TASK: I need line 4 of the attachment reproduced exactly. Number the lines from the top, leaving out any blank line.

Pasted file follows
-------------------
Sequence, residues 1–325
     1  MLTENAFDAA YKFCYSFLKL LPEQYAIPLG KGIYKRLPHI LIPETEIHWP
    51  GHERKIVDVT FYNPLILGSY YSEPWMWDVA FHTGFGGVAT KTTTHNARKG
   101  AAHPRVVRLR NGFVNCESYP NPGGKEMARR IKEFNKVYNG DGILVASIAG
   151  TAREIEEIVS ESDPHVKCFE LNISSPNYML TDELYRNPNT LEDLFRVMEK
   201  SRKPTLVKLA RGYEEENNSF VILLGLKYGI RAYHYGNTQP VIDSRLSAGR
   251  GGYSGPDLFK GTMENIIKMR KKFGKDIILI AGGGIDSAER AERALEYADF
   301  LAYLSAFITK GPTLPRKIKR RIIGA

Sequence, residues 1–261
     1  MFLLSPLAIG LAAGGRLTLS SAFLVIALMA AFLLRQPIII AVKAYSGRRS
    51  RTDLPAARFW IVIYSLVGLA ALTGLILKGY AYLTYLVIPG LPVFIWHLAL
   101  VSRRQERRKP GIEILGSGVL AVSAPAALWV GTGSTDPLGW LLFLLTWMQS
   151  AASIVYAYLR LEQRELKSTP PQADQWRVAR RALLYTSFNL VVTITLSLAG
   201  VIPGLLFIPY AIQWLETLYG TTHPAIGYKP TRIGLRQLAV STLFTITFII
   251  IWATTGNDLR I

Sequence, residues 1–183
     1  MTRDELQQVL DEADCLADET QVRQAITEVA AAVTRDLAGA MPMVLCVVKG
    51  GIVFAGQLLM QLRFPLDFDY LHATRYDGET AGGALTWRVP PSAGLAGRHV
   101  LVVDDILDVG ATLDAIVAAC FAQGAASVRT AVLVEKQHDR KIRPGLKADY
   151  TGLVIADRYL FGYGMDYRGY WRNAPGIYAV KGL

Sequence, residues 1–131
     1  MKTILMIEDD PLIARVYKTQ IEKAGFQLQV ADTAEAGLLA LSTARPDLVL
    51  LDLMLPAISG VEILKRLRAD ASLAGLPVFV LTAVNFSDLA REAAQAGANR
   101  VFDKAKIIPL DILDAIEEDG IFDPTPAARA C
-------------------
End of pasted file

   101  AAHPRVVRLR NGFVNCESYP NPGGKEMARR IKEFNKVYNG DGILVASIAG